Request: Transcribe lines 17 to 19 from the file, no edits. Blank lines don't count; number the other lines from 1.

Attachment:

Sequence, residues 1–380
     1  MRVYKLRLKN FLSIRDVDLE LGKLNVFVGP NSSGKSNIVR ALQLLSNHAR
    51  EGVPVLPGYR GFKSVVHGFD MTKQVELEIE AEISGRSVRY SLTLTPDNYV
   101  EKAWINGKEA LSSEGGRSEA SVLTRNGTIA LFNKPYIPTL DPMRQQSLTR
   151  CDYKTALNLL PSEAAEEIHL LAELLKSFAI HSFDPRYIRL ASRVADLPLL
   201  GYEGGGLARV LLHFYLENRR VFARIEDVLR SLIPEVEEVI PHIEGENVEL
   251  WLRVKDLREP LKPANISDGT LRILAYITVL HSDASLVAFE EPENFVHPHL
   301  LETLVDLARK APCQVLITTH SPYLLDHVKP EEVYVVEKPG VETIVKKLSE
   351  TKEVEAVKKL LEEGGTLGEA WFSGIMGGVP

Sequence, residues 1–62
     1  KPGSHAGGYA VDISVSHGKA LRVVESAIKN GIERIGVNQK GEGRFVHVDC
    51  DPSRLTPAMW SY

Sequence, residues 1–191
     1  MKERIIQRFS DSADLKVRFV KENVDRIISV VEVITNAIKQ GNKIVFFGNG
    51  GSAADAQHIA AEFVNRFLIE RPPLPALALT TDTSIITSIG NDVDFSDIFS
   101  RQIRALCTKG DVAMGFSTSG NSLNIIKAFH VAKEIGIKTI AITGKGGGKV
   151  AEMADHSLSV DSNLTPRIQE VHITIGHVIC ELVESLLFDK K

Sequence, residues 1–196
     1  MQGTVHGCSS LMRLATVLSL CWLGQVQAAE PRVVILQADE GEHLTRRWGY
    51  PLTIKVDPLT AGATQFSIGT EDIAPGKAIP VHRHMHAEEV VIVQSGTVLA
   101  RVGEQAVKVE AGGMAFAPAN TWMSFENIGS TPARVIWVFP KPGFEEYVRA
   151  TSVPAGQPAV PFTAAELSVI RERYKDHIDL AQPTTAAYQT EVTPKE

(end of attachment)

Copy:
   151  AEMADHSLSV DSNLTPRIQE VHITIGHVIC ELVESLLFDK K

Sequence, residues 1–196
     1  MQGTVHGCSS LMRLATVLSL CWLGQVQAAE PRVVILQADE GEHLTRRWGY